First Drive Review: Ford Kuga

Independent review by Chris Russon

4-minute read

Red Ford Kuga Exterior Front Static

First Drive: Ford Kuga

Explore the key features of the Ford Kuga in our expert first drive review

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With a fresh new look and a family-friendly interior, the new Ford Kuga looks set to hold its position towards the top of the mid-sized SUV class.


  • Efficient powertrains
  • Good level of practicality
  • Well-priced
  • Loads of tech
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A new Ford Kuga has arrived, and the third-generation model is as green as they come for the modern driver.

As well as conventional petrol and diesel engines there are also mild hybrid versions available for added economy – and for the best of both worlds there is a plug-in hybrid option that allows for zero emission driving.

I've just put the new Kuga PHEV through its paces, and it’s a vehicle that impresses on every front.

That is not just down to the effectiveness of the powertrain systems, but also the simplicity with which they can be deployed.

Driving Experience

Just press the EV button on the centre console and there were 32 miles of battery-only driving available – and a full recharge takes 3 hours 20 minutes from a fast charger or 5 hours 20 minutes from a domestic supply.

Charging is done via a point sited on the front nearside wing, while the fuel filler is per normal and on the rear nearside panel.

Leave it to do its own thing and drive the Kuga in its hybrid automatic mode, and we saw an average of 53mpg overall – impressive stuff considering there is a 2.5-litre Duratec petrol engine under the bonnet of a vehicle that weighs in at some 1.8 tonnes.

Official figures are a maximum power output of 222bhp, a top speed of 125mph and a 0 to 62mph time of 9.2 seconds, while on the fuel front it's rated at 47.1mpg.

Bring in its plug-in credentials, and that figure grows to 201.8mpg, but that’s in theory only.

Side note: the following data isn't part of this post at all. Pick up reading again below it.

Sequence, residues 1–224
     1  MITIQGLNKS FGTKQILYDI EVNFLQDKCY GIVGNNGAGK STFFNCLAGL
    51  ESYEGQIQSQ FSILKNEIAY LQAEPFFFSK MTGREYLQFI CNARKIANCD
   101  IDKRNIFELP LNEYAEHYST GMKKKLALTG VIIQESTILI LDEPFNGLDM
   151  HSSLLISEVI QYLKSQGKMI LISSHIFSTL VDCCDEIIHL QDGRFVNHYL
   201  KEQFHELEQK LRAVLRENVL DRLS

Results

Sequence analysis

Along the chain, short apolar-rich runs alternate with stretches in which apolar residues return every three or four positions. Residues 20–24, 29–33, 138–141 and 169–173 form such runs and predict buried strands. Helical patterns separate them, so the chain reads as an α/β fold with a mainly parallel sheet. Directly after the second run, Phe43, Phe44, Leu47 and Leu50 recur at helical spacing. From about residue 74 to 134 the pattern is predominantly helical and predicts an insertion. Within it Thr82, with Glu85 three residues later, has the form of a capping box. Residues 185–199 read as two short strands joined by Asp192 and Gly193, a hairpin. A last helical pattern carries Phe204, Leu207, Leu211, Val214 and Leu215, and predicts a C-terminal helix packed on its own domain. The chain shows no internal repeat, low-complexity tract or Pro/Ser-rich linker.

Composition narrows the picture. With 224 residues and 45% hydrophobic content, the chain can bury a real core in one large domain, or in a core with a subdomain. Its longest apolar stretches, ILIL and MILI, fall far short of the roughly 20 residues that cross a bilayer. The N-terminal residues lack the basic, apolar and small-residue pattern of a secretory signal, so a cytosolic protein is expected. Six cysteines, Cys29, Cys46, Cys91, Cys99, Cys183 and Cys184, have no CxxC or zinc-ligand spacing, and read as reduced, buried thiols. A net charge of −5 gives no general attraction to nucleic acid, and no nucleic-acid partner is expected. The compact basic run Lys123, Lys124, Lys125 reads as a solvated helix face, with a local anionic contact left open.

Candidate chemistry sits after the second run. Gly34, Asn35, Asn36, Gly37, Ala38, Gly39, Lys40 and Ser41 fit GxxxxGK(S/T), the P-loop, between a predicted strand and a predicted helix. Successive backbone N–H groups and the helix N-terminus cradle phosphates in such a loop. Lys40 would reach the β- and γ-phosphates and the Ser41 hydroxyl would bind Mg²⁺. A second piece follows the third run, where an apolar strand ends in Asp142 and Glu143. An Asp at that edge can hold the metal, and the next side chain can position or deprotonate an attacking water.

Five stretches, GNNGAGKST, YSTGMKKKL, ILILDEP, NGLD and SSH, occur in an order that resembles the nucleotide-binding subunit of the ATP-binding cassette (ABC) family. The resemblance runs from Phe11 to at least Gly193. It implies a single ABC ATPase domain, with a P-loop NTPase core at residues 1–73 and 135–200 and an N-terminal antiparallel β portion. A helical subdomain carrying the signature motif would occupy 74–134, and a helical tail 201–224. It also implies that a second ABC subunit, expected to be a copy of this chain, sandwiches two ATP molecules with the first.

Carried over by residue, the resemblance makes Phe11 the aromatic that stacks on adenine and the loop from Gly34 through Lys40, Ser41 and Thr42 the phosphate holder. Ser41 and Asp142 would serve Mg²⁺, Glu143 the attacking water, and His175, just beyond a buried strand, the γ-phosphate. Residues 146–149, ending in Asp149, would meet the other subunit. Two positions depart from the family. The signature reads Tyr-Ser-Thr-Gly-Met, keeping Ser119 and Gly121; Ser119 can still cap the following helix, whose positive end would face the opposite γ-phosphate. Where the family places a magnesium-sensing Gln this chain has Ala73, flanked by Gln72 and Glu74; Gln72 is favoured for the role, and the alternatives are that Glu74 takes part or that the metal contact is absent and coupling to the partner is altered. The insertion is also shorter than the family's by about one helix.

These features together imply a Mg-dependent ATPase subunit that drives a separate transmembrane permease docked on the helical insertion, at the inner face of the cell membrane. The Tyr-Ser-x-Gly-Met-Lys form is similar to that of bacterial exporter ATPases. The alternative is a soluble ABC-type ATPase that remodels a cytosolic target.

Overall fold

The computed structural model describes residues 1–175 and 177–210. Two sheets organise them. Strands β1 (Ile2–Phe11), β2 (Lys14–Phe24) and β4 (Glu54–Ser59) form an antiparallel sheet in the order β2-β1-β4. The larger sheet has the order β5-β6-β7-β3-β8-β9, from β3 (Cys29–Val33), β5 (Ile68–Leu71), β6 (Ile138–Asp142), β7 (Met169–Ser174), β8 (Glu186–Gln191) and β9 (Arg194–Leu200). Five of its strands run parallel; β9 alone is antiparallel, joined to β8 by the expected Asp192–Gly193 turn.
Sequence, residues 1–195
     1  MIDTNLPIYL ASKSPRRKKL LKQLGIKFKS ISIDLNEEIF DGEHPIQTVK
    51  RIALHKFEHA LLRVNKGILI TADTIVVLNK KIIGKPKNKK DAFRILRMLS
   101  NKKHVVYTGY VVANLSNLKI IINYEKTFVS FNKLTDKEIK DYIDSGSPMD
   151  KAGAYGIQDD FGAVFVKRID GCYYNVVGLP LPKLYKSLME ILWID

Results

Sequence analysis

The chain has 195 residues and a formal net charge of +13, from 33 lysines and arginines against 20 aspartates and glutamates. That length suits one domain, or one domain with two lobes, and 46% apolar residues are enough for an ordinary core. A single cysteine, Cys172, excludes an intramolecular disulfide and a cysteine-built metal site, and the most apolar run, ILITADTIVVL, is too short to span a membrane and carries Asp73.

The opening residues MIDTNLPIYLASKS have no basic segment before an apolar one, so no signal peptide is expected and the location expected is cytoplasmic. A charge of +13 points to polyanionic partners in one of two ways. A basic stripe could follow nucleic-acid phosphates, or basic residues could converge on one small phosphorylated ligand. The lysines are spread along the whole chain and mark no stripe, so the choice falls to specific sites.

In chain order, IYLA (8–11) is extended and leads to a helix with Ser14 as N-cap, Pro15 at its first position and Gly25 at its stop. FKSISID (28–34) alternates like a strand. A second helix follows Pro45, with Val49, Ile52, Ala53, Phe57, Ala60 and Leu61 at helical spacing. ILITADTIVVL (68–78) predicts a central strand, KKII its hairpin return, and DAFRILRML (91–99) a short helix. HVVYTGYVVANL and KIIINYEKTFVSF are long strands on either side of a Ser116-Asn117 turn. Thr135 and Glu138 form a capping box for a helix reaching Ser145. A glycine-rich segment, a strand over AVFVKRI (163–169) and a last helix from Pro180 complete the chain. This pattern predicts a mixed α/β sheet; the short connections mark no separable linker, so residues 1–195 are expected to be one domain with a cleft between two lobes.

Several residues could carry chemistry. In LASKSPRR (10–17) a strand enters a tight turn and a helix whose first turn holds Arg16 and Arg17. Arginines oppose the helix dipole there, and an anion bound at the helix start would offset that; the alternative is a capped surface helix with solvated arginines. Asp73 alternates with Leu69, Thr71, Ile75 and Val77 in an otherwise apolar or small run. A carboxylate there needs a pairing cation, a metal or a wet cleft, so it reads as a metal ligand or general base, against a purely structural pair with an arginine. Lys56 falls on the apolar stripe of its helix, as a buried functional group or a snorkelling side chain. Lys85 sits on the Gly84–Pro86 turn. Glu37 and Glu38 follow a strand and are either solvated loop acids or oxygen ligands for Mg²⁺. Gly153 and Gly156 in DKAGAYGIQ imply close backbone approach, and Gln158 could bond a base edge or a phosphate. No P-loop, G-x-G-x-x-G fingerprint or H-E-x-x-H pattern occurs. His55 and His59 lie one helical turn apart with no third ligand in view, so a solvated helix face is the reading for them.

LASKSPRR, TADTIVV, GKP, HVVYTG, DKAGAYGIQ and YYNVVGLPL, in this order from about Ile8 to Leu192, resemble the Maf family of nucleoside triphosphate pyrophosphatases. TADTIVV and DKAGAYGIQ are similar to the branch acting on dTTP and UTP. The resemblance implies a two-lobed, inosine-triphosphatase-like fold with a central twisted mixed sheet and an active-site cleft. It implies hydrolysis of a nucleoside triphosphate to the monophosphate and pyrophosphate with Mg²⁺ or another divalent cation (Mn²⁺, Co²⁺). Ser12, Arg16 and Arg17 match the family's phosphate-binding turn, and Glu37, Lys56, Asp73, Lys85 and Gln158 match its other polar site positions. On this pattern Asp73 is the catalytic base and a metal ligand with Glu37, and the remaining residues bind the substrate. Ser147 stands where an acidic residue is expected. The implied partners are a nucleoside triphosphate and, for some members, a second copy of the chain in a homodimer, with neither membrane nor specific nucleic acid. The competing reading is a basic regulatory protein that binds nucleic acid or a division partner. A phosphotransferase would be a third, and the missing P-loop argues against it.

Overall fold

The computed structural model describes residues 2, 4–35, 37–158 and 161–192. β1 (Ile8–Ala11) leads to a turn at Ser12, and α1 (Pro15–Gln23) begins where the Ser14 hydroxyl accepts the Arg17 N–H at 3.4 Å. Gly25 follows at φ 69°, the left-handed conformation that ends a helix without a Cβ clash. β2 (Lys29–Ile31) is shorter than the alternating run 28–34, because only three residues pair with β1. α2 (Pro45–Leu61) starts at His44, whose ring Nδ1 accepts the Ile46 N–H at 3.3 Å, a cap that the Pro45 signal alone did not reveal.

Ford claims the Kuga PHEV is good for up to 35 miles as an EV on a full charge, and that gives this SUV a healthy 26g/km emissions rating. For company car drivers, that means a taxation charge of just 12 percent.

Maximum speed in electric mode is 85mph, and the car runs in almost complete silence when only the motor is engaged.

The plug-in uses a CVT gearbox operated via a dial on the centre console ahead of the electronic parking brake, and it's a smooth and effective set up.

Five drive modes are available ranging from normal, eco, and sport to more extreme settings for work in slippery conditions or when in sand or snow. Those too are selected electronically at the touch of a button, and in sport mode the Kuga has real get up and go.

If there's a niggle, it's with the feel of the steering, which, even with the car’s lane keeping system disengaged, felt a little inert.

With very few real criticisms, the new Kuga offers almost everything you'll need.
Chris Russon

The transition from hybrid driving to pure electric motoring is almost unnoticeable, and even under regenerative braking, there's nothing untoward about the feel.

Equipment and Technology

This particular version was in mid-specification Titanium trim and is priced competitively amongst the current crop of mid-sized PHEV SUVs, notably those offered by Mitsubishi, Peugeot, Vauxhall, and Volvo.

Even with an optional assistance pack – which adds the likes of cameras front and rear, adaptive cruise control, blind spot alert and automatic parking – it tipped the scales at an affordable cost.

As well as an 8-inch colour touchscreen mounted in the centre of the dash, there's also a 4.2-inch colour TFT information panel in the instrument panel and that can be scrolled through from controls on the steering wheel.

In keeping with other electrified vehicles, the instrument display software has been modified and has a variety of settings to show what the powertrain is doing with screens explaining what's going on with the likes of regenerative braking, power flow, and battery charging.

Design and Practicality

The new Kuga has smoother lines than its predecessor and there’s a touch of Porsche Macan in the look of the headlight clusters, which suits the car well.

At the rear there are twin exhausts, while inside the Kuga is fitted with Ford’s Sync infotainment system which is fully smartphone compatible.

Interior room is plentiful for four adults and five is not too much of a squeeze, while boot space on the plug-in ranges from 411 to 581 litres depending on the position of the sliding rear bench.

That’s not quite as much room as you get in non-PHEV versions of the new Kuga, but with the rear seats folded, there’s 1,534 litres available in the plug-in.

A convenient feature is a 230-volt 3-pin plug socket in the rear, but while there are USB ports in the front, there are none for the back passengers, although there's an additional 12-volt socket in the boot.

The PHEV powertrain is available on Titanium trim and also on higher ST-Line and ST-Line X specifications as well as the Vignale and the in current climate of electrification those are highly competitive.


All in all, the latest Ford Kuga is a force to be reckoned with, and is set to gain a lot of fans within the mid-sized SUV market. Its affordable price tag and bundles of advanced technology make it one of the best on offer, while its range of powertrains ensure there's a Kuga to suit the majority of lifestyles.